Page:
However, as the reality of intimate violence became more apparent, the church began to perceive patriarchal roles as a roadblock to eliminating abuse. The source of abuse was found to “arise from unequal power relationships, usually based on age, gender, and/or position of authority.” In attempting to mediate these power relationships, the UCC began to reevaluate the meaning of “family.” In 1987, they produced a revised definition of the family: “By family we mean persons who are joined together by reason of mutual consent (marriage, contract or covenant) or by birth or adoption/placement.” In the early 1990’s they began distributing pamphlets on “blended families’ and “spirited families,” with alternative understandings of the family. “The most specific example of who could comprise a family, in the latter pamphlet, is the sketch on the front page depicting two women, a girl and a dog.”
The UCC is a very liberal denomination and obviously their response to intimate violence is unacceptable to evangelical Christians. However, their response has *not* been out of proportion. Intimate violence is not acceptable. The cause of Christ cannot go forward with this blot in our midst. It must be dealt with. It must be eliminated.
However, in their zeal to eliminate intimate violence, the UCC failed to take the scriptures as authoritative, and I believe this was a fatal mistake. There is an imbalance of power between men and women, and this clearly has an effect on intimate violence, as evidenced by how many more women and children than men suffer abuse. The UCC, for the most part following western culture at large, attempted to fight against abuse by eliminating this inequality, disenfranchising men from the family in the process. There is no indication, that I can see, that this has worked to eliminate intimate violence. The rates of abuse are nearly as high as can be imagined.
It may well be that disenfranchising men from the family has served to increase, rather than decrease, intimate abuse. Men, simply because they are physically stronger and biologically more aggressive, continue to assert power in relationships, but now they are not constrained by a public understanding of the need to “give themselves up” for their partners. There is no compulsion to protect. It may be that Western society has thrown away the traditional family too quickly.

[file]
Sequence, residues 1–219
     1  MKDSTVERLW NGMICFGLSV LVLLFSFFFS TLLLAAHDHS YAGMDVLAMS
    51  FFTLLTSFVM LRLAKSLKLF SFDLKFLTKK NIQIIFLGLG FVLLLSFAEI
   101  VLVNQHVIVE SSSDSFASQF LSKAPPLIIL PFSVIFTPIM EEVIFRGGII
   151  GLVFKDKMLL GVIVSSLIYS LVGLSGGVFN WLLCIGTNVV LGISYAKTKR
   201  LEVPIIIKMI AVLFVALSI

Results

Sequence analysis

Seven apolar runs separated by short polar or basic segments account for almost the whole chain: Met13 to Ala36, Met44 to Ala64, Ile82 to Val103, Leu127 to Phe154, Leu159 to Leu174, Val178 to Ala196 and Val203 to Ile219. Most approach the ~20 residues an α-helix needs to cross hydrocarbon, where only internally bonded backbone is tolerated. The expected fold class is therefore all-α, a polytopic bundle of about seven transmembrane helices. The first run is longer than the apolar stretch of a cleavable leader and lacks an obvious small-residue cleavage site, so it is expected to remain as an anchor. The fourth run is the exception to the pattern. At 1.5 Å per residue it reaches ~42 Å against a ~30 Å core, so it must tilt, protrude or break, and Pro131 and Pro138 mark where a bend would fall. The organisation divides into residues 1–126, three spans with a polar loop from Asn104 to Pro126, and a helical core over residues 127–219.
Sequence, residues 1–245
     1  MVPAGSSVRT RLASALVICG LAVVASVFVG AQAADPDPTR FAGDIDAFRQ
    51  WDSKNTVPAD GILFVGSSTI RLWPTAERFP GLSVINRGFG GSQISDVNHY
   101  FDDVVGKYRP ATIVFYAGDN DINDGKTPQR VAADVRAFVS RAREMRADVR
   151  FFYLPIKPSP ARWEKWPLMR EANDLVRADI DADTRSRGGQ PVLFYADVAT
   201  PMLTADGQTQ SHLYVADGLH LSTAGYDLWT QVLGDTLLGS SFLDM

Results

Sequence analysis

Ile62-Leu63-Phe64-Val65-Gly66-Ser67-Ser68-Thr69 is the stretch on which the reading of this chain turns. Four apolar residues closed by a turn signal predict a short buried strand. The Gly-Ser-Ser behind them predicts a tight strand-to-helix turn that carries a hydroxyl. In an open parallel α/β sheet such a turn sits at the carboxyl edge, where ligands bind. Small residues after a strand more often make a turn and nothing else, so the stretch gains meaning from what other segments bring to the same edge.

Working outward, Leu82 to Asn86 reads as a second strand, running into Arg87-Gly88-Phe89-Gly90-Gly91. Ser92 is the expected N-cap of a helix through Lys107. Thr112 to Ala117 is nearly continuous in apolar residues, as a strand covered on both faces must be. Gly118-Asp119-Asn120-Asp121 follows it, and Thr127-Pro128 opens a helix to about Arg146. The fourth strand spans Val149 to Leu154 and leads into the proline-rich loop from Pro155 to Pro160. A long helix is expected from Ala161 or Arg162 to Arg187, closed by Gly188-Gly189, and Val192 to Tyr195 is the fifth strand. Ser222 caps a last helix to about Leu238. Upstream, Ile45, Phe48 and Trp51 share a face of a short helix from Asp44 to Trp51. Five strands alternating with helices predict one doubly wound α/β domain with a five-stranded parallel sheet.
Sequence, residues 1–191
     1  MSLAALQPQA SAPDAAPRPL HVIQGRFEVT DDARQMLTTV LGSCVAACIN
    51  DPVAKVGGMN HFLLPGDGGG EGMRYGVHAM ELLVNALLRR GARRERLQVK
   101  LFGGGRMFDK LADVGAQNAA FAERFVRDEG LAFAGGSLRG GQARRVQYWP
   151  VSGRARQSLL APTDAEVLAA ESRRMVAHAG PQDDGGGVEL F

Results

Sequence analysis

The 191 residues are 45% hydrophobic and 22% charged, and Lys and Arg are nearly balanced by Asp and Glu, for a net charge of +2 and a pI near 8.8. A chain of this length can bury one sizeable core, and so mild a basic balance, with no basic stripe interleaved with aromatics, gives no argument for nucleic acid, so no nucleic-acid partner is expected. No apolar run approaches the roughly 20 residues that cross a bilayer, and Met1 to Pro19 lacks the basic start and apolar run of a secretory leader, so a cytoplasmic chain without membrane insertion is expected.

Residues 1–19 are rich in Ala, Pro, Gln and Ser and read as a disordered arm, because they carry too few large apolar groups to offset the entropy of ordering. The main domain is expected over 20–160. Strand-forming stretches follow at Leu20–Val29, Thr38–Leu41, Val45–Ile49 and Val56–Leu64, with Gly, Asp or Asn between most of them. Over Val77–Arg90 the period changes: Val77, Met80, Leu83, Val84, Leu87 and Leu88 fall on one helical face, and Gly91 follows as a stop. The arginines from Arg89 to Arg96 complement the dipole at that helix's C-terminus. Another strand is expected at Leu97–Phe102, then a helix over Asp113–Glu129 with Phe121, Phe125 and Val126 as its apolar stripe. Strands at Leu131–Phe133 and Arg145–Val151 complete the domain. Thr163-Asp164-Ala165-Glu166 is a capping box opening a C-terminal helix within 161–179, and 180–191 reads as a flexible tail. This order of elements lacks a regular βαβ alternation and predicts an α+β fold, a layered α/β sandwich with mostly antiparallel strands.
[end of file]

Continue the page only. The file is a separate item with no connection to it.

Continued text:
The first thing that must be recognized is that this is not an intermittent problem. It is a ssystemic problem in the culture. Ultimately the culture must be adjusted to prevent violence against women and children. Liberal responses have revolved around adjusting the family in order to eliminate aggressive male behavior. Unfortunately I suspect this is a futile effort because it rests upon the assumption that male aggression is a learned trait. I sincerely doubt that it is. A more productive approach would be to redirect male aggression toward protection and support rather than dominance and control. I think the church can promote these changes through 3 steps:
1. Awareness among leaders. The kinds of changes necessary to prevent intimate violence in the church must be proposed and supported by leaders within the church in order to be effective. However, it appears that the vast majority of Christian leaders are simply not aware of intimate violence as a significant problem. Unfortunately, it is the nature of the problem that keeps it hidden, rather than the absence of the problem itself. The introduction to *Violence against Women and Children* relates two stories of pastors becoming aware of intimate violence. The first was unaware of any problems until his daughter was abused by her husband. The second was informed of three cases of abuse upon announcing his participation in an abuse workshop. This paper, in part, is an effort to increase awareness.